When my daughter Katelynn was eleven, she wanted to start wearing make-up. I had a rule: No make-up at all until she is twelve. My wife did not agree with me. She thought I was being legalistic. I could not help it. That is just the way I thought. I could justify it in ten different ways with my hands tied behind my back. The problem is that none of my justification is really black or white or that compelling. This is one of the many things that the Scripture does not speak on. My wife’s arguments made plenty of sense. However, I had scruples about the issue. These scruples bend my understanding and create their own passions.
Make-up is not the issue. I don’t want to go there. Scruples are the issue. We all have scruples. “Scruples”: it is not really a technical theological term, though it is in the dictionary. This is how it is defined: “An uneasy feeling arising from conscience or principle that tends to hinder action.” However, when it comes to our faith, scruples are hard to deal with. You have these militating terms: grace and liberty.
When grace and liberty clash with scruples, more often than not, unfortunately, the scruples win. Why? Because we are so quick to sacrifice our liberty for “weaker brethren.” Yes, this “weaker brethren” card is often pulled and legalists love it. In fact, it is used most often by those who are legalists wearing the disguise of those who are free. It is not that this card is illegitimate—it is not as if there are not true weaker brethren we need to be concerned with—but it is abused and the result is slavery.
I remember Chuck Swindoll talking about this saying: “Be careful, there are some people out there who are ‘professional weaker brethren.’”
“Kristie, I have scruples with this make-up thing. Maybe I cannot find a verse or a solid principle upon which to rest my theological head, but you need to be sensitive and understanding to my hang-ups for the sake of my spirituality. One more year and my scruples will be gone.”
I highlighted some keywords that legalists will use to manipulate the situation. “Sensitive,” “understanding,” “hang-ups,” “sake,” and most importantly, “my.”
From the other side, liberty is so often sacrificed.
“I don’t go to the movies because I don’t want to cause anyone to stumble.”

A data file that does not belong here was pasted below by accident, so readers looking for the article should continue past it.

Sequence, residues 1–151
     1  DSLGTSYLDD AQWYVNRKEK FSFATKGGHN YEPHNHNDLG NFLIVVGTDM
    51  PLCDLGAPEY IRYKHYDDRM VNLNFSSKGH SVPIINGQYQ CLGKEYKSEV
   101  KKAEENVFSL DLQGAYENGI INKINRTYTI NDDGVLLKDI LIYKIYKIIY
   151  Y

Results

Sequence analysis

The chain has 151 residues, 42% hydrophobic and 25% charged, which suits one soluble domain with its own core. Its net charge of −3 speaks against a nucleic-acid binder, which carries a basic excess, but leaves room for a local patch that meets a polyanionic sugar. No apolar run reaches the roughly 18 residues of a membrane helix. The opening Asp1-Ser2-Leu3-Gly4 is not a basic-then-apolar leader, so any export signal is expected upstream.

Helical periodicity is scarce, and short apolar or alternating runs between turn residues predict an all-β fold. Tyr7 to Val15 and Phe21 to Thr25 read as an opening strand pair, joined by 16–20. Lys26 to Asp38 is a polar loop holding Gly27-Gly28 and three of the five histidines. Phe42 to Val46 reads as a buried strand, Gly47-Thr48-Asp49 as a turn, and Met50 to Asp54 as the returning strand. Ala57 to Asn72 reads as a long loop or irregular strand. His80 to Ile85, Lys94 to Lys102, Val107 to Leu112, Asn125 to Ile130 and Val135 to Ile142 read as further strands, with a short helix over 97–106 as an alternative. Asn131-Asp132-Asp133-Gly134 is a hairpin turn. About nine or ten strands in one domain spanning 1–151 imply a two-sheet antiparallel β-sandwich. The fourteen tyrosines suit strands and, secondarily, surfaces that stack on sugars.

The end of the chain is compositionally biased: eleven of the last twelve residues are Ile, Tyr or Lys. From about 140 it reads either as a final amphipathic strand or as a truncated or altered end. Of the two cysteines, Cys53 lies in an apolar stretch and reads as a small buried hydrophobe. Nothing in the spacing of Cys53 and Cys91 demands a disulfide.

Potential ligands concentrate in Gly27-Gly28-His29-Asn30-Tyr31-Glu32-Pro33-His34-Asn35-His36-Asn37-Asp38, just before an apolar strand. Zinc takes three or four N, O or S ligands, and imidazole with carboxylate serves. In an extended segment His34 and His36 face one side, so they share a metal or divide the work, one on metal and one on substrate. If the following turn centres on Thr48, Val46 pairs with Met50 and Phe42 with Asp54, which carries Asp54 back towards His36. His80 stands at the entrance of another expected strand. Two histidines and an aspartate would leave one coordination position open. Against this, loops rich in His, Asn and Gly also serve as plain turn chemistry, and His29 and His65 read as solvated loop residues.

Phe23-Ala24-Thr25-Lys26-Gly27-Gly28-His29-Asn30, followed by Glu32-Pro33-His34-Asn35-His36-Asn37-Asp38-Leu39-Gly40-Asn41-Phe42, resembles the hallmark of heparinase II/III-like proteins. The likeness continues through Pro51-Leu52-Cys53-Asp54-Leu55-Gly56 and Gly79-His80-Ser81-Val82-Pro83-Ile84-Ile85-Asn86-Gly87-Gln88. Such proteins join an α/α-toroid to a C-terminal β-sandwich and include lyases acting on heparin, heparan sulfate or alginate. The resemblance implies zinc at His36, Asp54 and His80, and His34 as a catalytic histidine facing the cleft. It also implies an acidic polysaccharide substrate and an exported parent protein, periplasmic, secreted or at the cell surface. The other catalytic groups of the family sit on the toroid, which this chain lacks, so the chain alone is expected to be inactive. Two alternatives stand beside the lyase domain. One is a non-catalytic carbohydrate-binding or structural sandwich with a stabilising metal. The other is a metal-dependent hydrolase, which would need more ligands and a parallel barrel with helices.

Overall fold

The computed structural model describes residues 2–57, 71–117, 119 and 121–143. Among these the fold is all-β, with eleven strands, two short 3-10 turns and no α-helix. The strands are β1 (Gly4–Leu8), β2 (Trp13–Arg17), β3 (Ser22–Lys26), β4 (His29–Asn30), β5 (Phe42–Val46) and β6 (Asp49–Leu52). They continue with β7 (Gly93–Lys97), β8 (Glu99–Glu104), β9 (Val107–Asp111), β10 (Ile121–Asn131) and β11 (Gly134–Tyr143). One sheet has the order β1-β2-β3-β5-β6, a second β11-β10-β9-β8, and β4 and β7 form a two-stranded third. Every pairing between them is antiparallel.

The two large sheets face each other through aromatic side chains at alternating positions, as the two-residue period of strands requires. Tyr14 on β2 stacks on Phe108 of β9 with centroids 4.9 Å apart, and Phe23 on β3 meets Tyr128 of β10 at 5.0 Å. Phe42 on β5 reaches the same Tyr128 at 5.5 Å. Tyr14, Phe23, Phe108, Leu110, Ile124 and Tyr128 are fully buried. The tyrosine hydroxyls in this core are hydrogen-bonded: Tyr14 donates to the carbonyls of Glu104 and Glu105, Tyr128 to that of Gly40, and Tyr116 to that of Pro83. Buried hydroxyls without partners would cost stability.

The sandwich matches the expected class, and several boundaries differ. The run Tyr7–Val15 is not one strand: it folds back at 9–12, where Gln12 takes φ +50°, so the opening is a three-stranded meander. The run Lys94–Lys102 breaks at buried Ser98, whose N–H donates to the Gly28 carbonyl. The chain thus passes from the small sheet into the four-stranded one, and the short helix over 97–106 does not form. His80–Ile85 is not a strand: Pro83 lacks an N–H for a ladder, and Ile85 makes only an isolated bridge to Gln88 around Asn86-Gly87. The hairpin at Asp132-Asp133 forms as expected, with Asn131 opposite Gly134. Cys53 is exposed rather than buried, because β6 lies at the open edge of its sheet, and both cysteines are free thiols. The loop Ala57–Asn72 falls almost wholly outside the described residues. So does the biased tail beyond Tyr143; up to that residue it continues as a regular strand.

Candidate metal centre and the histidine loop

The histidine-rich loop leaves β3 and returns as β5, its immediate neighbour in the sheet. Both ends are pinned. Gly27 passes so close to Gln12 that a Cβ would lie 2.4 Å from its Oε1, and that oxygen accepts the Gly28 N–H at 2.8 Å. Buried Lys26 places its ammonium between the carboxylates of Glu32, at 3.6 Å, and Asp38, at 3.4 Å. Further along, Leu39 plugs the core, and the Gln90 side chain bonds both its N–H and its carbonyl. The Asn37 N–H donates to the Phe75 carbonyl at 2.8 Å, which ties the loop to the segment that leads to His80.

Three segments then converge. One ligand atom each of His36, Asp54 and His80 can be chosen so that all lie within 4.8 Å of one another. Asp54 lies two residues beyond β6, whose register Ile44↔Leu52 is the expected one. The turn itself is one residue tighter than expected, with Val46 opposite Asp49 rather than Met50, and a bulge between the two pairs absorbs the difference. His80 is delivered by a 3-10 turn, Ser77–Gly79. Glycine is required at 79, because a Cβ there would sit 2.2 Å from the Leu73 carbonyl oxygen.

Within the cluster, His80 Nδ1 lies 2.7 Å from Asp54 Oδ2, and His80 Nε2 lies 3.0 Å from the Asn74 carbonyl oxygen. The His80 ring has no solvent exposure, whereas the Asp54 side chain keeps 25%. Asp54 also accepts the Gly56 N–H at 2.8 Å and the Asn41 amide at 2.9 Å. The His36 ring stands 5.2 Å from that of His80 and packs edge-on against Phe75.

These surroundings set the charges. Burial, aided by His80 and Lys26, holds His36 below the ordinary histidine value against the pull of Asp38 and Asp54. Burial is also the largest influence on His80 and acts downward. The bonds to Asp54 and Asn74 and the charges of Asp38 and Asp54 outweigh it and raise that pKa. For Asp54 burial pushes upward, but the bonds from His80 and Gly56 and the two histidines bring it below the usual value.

Often implied translation: “You should give up your liberty too if you want to be spiritual like me.”
“I don’t ever drink alcohol because a weaker brethren might see me and fall into sin.”
Often implied translation: “I have scruples with this issue and you should too.”
“If someone saw me befriending this person, they may think I am condoning their actions. Therefore, I sacrifice my liberty for the sake of their frailty.”
Often implied translation: “I can’t be friends with people who are that sinful.”
Okay, to the passage: Romans 14.
“As for the one who is weak in faith, welcome him, but not to quarrel over opinions” (Rom 14:1 ESV).
“So then let us pursue what makes for peace and for mutual upbuilding. Do not, for the sake of food, destroy the work of God. Everything is indeed clean, but it is wrong for anyone to make another stumble by what he eats” (Rom 14:1 ESV).
You see, here Paul is talking about one who is “weak in faith” and who has scruples over the food that someone else was eating. Some were vegetarians and did not eat meat at all (probably because of its connection to idol temples). They thought that it was morally wrong to eat meat. Paul makes it clear that it is not wrong in and of itself: “I know and am persuaded in the Lord Jesus that nothing is unclean in itself” (14:1a). However, because someone thinks it is wrong, for them it may be: “But it is unclean for anyone who thinks it unclean” (14:1). Therefore when one of these “veggie only” guys is around, be careful or you might cause him to stumble (i.e. he will see you eating meat, and do what he believes to be wrong).